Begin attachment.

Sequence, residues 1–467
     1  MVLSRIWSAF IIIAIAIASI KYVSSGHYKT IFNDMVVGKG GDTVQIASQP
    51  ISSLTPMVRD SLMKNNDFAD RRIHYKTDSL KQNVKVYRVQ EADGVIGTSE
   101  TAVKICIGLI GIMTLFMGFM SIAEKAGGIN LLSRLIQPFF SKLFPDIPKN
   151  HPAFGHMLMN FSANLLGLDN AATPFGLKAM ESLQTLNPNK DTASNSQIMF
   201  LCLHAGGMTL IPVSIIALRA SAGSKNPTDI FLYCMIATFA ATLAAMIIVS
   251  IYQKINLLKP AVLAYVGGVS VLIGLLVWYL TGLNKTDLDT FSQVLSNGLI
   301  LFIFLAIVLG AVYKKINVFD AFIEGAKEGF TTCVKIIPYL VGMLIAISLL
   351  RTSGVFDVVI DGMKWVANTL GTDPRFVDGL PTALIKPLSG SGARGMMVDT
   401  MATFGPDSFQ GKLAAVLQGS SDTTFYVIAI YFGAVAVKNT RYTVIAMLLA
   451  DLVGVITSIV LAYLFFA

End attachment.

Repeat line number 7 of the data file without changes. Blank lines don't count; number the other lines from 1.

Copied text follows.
   251  IYQKINLLKP AVLAYVGGVS VLIGLLVWYL TGLNKTDLDT FSQVLSNGLI